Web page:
8. Reblogged this on The Allergy Friendly Vegetarian and commented:
    Fortunately, my son and I are not anaphylactic (well my son does get a funny feeling throat and mouth from eggs), bur there are seriously uncomfortable symptoms we deal with beginning anywhere between 1-12 hours after consuming the culprit food… that lasts for up to two days… SO, I can TOTALLY relate to this! I keep an Epi-pen for our son just in case, so that is definitely on the out the door checklist.

  9. You might live with food allergies if you ask a parent what the allergy warning on the cake mix/icing being serves at a bday party and their reply is “um well I’m not putting peanut butter in the cake.” I’ll just bring him his on special cupcake k. Happened at school as well. Was looking at the ingredient list for a bakery cake being served in the class room & the teacher said “well it’s not a peanut butter cake.” 🙁 I really feel schools should be better informed of these life threatening allergies.

  10. If your local pharmacy asks you where people can get “those EpiPen coupons. Or…If your school nurse has you on speed dial. Or…if the school staff recognize you by the sound of your voice. Or…If packing for a weekend trip involves more planning and luggage than a year at college used to!

  11. You might live with food allergies if you’ve ever decided it’s a whole lot easier (and safer) to stay home instead of going out to eat, or even attempting a weekend getaway (when it takes more time to plan and pack food for your getaway than it does to actually enjoy it).

  12. You might live with food allergies if… every time you get on a plane with your anaphylactic four year old daughter, your greatest fear is not a horrible crash but that the person sitting next to you will have brought on a large bottle of peanuts. You kindly explain and ask them for a favor not to eat the nuts but, still eye their every move as if they boarded with a loaded gun pointed at her. Yeah..this just happened! :/

  13. You might live with food allergies if… You’d rather spend all day every day of summer vacation with your 8-year-old instead of sending them to summer camp!
    You might live with food allergies if… You literally had to apologize to the first mom to ever ask you if your daughter could come over for a play date. She might as well have asked if your daughter could come over to play with knives and fire!

  14. You might live with food allergies if …
    You see the school nurse’s phone number on the caller ID and pick up the phone trying not to panic … and you’re relieved to hear that it’s just that your kid fell and hurt themselves.

  15. You might live with food allergies if you have called a customer service number for a major food company and recognized the representative assigned to your call by voice alone (thankfully, she was one of the good ones!). Sigh…FALCPA… (P.S. You might live with food allergies if you know exactly what I mean without further explanation)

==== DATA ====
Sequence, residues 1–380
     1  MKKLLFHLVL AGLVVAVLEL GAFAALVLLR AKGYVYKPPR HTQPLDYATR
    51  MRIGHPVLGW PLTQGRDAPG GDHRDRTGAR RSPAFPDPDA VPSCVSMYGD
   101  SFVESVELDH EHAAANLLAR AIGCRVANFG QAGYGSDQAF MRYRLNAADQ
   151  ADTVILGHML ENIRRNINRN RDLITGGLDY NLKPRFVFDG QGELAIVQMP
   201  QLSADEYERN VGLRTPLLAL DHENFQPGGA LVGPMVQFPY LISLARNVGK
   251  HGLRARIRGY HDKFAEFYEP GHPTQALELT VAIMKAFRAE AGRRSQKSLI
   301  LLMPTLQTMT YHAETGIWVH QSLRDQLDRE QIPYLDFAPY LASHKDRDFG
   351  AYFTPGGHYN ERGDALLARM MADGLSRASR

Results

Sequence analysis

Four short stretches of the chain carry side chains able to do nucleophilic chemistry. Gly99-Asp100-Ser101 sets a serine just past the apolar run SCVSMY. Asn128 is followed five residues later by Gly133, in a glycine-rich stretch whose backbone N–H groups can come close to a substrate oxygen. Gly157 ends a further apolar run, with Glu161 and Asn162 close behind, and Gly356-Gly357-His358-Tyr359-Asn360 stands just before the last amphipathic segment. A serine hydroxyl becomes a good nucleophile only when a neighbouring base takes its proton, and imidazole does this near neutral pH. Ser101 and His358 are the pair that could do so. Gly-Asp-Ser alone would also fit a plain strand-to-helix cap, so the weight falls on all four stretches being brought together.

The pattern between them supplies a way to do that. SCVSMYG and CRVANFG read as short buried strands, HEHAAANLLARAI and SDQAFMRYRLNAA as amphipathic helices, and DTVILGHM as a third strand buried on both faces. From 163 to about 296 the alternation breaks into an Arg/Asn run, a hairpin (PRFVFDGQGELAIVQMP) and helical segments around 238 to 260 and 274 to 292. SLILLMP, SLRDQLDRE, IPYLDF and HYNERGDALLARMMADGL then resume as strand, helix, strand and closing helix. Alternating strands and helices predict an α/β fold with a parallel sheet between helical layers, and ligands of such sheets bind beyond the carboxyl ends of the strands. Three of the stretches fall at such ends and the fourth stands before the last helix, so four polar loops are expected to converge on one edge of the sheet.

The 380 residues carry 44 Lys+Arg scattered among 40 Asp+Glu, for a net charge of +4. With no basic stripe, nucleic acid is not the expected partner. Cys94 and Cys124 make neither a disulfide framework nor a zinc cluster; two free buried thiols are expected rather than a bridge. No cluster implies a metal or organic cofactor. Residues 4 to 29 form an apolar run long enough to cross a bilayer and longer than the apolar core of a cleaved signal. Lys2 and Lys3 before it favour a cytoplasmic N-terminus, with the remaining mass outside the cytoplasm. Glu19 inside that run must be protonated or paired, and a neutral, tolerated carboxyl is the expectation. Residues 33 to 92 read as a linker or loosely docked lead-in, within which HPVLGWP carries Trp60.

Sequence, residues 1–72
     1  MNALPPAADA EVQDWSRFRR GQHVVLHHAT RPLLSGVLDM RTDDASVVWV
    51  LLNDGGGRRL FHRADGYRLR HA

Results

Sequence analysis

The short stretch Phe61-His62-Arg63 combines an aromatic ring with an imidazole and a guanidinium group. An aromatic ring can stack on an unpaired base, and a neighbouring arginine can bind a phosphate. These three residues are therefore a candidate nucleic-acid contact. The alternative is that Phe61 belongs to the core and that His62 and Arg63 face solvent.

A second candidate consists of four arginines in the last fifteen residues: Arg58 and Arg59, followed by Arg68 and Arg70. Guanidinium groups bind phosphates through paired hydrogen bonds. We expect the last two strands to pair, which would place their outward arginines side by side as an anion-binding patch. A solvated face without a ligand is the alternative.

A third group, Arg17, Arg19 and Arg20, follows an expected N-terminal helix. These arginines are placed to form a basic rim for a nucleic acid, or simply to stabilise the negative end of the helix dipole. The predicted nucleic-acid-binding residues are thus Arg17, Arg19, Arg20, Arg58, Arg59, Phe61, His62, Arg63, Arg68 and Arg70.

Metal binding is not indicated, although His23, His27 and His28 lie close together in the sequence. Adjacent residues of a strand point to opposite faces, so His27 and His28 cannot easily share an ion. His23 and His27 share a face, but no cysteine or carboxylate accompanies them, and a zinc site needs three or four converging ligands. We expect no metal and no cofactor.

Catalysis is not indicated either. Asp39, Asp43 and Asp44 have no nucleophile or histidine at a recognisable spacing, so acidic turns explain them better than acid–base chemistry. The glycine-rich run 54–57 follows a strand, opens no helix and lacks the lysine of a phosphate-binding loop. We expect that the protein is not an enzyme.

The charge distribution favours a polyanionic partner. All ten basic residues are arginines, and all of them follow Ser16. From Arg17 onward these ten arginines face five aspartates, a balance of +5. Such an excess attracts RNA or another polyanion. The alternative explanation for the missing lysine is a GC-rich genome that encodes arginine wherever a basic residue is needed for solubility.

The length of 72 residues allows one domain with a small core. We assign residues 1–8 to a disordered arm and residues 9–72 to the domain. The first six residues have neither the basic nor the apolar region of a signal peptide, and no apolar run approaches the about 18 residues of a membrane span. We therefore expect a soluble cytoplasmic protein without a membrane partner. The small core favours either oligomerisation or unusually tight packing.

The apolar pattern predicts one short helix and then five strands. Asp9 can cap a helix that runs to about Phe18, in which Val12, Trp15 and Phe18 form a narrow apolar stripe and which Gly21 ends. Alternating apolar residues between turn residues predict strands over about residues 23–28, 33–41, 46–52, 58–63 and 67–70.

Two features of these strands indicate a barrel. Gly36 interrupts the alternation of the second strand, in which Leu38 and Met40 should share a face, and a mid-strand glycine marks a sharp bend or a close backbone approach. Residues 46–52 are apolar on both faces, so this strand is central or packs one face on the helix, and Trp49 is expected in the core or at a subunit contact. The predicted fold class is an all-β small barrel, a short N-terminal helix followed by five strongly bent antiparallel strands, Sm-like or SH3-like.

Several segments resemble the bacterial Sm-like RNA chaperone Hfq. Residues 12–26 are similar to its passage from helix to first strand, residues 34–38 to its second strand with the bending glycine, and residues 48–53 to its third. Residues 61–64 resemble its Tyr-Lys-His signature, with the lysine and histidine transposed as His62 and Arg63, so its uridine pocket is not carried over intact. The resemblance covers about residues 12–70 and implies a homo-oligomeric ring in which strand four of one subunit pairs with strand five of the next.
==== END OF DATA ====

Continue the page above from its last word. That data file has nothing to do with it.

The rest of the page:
16. You might live with food allergies if your 3 year old accompanies you to the grocery store and can point out every food that is “safe” and “unsafe” for him.

    1. NicoleAnn,

      I hope you’re well. ‘Just saw your post from January.

      We prep for flights by calling the airline — that has agreed to not serve peanuts — in advance and asking for a note about our son’s allergies to be placed in the flight record. We bring a doctor’s letter to the gate. We introduce ourselves on the ramp and ask if the flight is “still peanut-free.” It is, typically, and we ask for a flight attendant to ask passengers to not eat peanuts on the flight. Our son is allergic to a number of foods but we focus on his severe reaction to peanut proteins when we fly.

      For the most part, this is an effective process and my son has never needed an epi on a flight. (Knock on wood.)

      A couple of years ago, a bureaucrat on the ramp at a major airport refused to allow the flight attendants to make an announcement about our son’s allergies, asking for patrons to not eat their own peanut snacks on the flight. It was astounding to watch him as he said, “We have no policy on peanuts.” I couldn’t tell if “No, we can’t work with you” was actually the airline’s policy. I believe now that the Peanut lobby may have an impact on that airline. The alternative he offered was to take us off the flight. We’d flown several times over 10 years, so I countered with the suggestion to make the announcement myself, and we did that as I walked my 10 year old down the aisle. I have to say that First Class was extremely attentive and nodded their heads that they had heard me, keeping eye contact. I was shaking and trying to not cry from the fear I was feeling, and pressed on with my son in front of me.

      Further down the plane in Coach, my son and I had a varied response and I was worried that the peanuts would appear. However; nobody took them out and the man across the aisle from us leaned in and showed me two bags of “dirty” chips that had peanut oil in them. They had become small pillows, in part due to the air pressure differences, I guess, and he told me that not only could his kids wait to have them, he was burying them deep in his bag so they wouldn’t accidentally pop open into the air.

      Yes, it was a tough flight but not because other passengers didn’t understand a parent who was clearly shaking from fear while trying to protect her child. It is effective to stay as calm as you can in what you say, and let everyone see the emotion on your face. If you have to fly and the airline is unresponsive, keep in mind that you can calmly pull the Mommy ripcord.

  17. You might live with food allergies if you’re less worried about him driving with distracted friends than his first kiss from a distracted or forgetful crush.